Republican senators are quietly organizing against minority leader Mitch McConnell and his allies after a lackluster showing in the midterm elections.
About a half dozen GOP senators, most of whom publicly opposed McConnell's continued leadership last month, have been meeting to strategize how they will challenge the venerable Kentucky Republican over the next year, and MSNBC's Steve Benen said they're gambling that becoming more partisan will win back their majority in 2024.
"What’s striking is not just the scope of the fissures among ostensible allies," Benen writes. "It’s also not just the idea that McConnell, of all people, is insufficiently partisan by the standards of some of his members."
The group, which has adopted the informal name of "the Breakfast Club," apparently includes Sens. Lindsey Graham (R-SC), Rand Paul (R-KY), Mike Braun (R-IN), Ron Johnson (R-WI), Mike Lee (R-UT), Ted Cruz (R-TX), and Rick Scott (R-FL), and is leading an insurgency similar to the deeply conservative House Freedom Caucus.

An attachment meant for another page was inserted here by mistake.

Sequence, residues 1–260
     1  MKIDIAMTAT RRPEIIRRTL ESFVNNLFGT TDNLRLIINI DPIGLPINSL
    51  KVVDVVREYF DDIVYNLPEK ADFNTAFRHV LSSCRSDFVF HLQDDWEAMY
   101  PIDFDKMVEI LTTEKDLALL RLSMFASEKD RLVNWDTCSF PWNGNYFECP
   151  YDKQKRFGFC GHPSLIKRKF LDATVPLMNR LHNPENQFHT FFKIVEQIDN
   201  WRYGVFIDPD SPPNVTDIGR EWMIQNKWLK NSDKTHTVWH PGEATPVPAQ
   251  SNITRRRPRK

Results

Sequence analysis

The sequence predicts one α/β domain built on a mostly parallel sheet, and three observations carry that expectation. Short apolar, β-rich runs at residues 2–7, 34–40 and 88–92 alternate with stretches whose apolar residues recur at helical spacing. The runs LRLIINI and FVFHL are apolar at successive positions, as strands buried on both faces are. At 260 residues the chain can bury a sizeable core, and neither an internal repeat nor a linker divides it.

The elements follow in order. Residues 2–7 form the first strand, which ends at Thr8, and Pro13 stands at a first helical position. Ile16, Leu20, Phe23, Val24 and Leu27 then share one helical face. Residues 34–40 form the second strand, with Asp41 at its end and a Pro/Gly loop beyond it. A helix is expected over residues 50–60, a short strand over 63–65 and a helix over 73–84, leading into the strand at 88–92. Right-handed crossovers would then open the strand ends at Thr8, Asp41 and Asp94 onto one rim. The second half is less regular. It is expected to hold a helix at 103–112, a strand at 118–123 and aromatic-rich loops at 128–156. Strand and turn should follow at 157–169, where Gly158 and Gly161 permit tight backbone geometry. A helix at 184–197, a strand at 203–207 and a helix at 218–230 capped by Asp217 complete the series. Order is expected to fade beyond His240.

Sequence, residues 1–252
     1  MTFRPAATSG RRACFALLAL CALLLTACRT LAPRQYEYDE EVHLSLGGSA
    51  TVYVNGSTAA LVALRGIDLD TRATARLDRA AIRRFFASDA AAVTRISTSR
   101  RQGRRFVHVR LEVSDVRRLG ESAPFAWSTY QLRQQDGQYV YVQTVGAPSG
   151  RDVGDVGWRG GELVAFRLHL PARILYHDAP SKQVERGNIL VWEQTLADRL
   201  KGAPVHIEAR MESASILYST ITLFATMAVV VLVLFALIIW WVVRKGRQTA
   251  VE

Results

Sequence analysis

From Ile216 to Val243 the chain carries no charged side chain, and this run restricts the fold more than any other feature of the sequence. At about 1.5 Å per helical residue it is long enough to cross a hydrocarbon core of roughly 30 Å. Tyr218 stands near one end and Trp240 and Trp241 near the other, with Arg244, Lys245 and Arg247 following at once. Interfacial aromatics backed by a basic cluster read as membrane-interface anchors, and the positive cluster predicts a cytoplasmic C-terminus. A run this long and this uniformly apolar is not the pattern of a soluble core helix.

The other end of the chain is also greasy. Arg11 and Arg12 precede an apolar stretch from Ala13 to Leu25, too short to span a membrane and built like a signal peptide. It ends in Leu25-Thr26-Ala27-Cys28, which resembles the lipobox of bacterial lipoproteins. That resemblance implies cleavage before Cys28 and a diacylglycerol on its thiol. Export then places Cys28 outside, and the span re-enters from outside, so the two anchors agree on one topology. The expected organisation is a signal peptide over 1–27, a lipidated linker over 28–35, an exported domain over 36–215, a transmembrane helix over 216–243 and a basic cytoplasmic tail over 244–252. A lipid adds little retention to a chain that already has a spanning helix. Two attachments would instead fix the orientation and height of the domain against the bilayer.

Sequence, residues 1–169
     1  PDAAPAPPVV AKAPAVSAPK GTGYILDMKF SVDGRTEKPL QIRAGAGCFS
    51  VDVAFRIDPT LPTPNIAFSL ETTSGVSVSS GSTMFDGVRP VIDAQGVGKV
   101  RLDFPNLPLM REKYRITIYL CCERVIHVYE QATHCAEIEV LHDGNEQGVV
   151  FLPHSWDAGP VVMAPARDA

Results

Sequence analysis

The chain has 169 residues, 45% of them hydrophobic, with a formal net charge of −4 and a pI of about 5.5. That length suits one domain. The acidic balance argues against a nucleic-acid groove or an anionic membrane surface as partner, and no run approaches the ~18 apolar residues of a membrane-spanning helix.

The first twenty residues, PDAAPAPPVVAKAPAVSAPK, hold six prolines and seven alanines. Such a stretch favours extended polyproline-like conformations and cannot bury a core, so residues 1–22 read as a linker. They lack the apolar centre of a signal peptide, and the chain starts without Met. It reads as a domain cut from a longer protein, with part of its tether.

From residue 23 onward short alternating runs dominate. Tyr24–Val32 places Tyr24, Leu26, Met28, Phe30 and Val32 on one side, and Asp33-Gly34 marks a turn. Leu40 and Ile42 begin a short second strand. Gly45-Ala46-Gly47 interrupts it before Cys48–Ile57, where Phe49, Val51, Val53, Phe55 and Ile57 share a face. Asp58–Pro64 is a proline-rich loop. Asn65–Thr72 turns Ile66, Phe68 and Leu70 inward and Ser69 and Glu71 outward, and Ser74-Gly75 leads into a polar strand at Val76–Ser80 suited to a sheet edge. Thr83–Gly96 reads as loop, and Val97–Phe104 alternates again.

"What stands out most for me is the lesson these Republicans took from the midterm elections," Benen writes. "The GOP spent much of the last two years assuming that voters would soon reward the party with a majority. The electorate saw some of the radicals the party nominated in key races and moved in the other direction."
"It’s against this backdrop that several prominent Senate Republicans have decided that the smart move is to be less constructive," he adds, "more partisan, more confrontational, and more reactionary."